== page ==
Sinbad is a System 1 game made by Gottlieb in May of 1978. It's estimated that about 12,950 Sinbad games were manufactured. The game features 4 flippers, 2 pop bumpers, one 4-bank drop target, , one 3-bank drop target, a 2-bank drop target, and a single drop target. This game was also sold in an electro-mechanical 4-player game version (similar to how Joker Poker and Cleopatra have an EM counterpart) but only around 950 EM games were made.
It Only Cost $600
I had been looking for a Sinbad for over 2 years and finally got one in August of 2009. I bought my game from Kim (Mr. 68 on RGP and inventor of the Glare Guard and Pinfinity Mirror for Pinball games) after Jim (Gott Lieb? on RGP and owner of JT Amusements) reminded him that I was looking for one. Kim decided after doing some cleaning and ordering new plastics and pop bumper switches, that rather than move ahead with finishing his restoration, that he was willing to part with it for a good price to a friend and fellow collector here in Colorado. The game came with the original CPU board in it that works, but the NiCad batteries were replaced with newer NiCad batteries and it has problems booting up sometimes. The batteries will be replaced with a remote battery pack to avoid battery leakage in the future. As far as the boot-up problems go, this can usually be fixed by replacing a one-shot IC and a couple of capacitors. I've had good luck repairing this kind of a problem on original System 1 CPU boards in the past. The game also came with a new Rottendog System 1 power supply so there aren't any issues with the power supply board. It also came with a complete set of new game cards. Kim really did me a favor selling me this game at this price since it could have gone for a lot more money once completely restored (which was very little effort for me to do).
Jim is a big fan of Sinbad and rates it as his top System 1 game ever made. After playing the game, I have to admit that it is probably the best as well, although I think Joker Poker is either a tie for first place or a very close second. I really like Joker Poker and find its play addictive and I'm beginning to think that Sinbad is the same status after playing a bunch of games.
Replaced The Drop Targets
My first job on this absolutely beautiful looking Sinbad was to replace the drop targets. Someone had put available drop targets in the game that didn't match the originals, so I ordered a new set from Steve Young at the Pinball Resource. Replacing drop targets is always a bit of a pain in the neck, but once you see how nice brand new ones look (and ones that match what came with the game), it all becomes worth the effort. There are several banks of drop targets, but they are contained within two cages that are pretty easy to disassemble and work on, so it wasn't that big a deal to do the work.
The game box has no fading at all and only has a few very minor scuffs here and there. The backbox looks just fine as it is and everything was nice and clean when I got the game so I didn't have to do anything in this area. The one thing the cabinet has, that I wish folks' wound't do, is a small button near the coin door to add credits. For those that are thinking about doing this, please don't! There are many ways that won't damage the cabinet to allow a game to play in Free Play. In any case, the button is a small white button smaller than a dime in diameter, so it isn't all that noticeable. I just wish it hadn't been done.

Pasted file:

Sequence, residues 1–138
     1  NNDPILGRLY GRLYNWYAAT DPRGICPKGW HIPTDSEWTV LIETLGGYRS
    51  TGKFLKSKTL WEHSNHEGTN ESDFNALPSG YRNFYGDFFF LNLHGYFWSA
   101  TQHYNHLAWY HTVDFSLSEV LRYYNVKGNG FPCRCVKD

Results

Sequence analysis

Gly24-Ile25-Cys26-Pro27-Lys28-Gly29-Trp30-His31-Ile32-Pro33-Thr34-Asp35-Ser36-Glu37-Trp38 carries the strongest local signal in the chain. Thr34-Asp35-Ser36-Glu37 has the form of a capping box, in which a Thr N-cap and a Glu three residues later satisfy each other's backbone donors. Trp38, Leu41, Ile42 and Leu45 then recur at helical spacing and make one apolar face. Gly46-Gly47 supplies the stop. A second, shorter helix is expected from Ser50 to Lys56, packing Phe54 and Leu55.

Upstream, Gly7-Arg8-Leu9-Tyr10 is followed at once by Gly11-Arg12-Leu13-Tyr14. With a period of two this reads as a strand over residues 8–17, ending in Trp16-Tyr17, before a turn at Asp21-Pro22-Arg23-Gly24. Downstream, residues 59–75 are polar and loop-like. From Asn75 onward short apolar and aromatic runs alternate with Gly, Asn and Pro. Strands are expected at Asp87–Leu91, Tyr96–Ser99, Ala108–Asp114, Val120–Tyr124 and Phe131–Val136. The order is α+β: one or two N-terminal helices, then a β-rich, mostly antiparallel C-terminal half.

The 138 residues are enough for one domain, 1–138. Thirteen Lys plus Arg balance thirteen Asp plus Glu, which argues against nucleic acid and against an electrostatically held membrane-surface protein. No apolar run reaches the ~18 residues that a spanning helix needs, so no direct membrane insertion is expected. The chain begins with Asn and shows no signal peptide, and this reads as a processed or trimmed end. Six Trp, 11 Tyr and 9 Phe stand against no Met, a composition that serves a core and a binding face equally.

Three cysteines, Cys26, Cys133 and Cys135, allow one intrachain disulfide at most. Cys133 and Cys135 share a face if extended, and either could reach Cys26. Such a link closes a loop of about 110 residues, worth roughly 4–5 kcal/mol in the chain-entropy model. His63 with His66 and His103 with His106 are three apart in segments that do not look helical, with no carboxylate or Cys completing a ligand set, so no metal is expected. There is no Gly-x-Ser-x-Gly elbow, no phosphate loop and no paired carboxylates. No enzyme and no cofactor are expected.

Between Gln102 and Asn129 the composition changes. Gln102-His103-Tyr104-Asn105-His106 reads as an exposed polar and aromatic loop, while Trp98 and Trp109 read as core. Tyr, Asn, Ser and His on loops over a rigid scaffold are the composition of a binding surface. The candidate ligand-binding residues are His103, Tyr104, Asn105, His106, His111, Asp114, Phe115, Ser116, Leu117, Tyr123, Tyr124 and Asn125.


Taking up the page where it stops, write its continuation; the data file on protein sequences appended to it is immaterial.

There wasn't any damage to the backglass artwork at all. The colors are vibrant and I didn't need to triple-thick the backglass to protect it.
Corrosion and Rust
No corrosion or rust at all, the game looks great!
The backbox is solid, no flaking paint, nor does anything need to be done to the backbox. All of the connectors in the backbox are solid and thankfully, the original battery had corroded, but the corrosion was stopped pretty quickly with a new set of NiCad batteries installed and some cleaning of the original CPU board that still works.
The playfield looks perfect! There isn't any wear to be seen and it is very bright and shiny when waxed. The only thing I had to do was replace the drop targets and one star rollover that would stick closed now and then which affected game play since the switch would sometimes stay closed. I just snipped off the end of the star rollover from the underside of the playfield, cleaned the star insert with a pipe cleaner and alcohol, and pushed a new star in place. Kim had already cleaned the playfield so all I did was add some more Nano Wax to shine it up (not that it needed it).
The game came with a new Rottendog power supply so I didn't have to upgrade the original power supply or replace it with one of my box of original power supplies that I've already modified with new capacitors, transistors, and diodes. Everything was OK from the get-go.
All the displays are bright and none had leakage or needed to be replaced.
Kim also included the complete set of brand new game cards he bought from the Pinball Resource so all the cards are there. I may create some new cards based on my usual approach of using colored card stock that matches colors in the game, but the cards that came with the game are brand new.
This was a great deal on a Pinball game from a really good guy, thanks Kim! The game needed nothing other than the drop targets I replaced and a star rollover, so I really got a deal on this game and have no plans to sell it any time soon.
Right click here and click "Save As" and then identify a location where you would like to save the manual. Note that the manual does not include the schematics, but is everything except the schematics. The file size of the pdf is about 11 meg, so it isn't a small file.
(click picture to enlarge)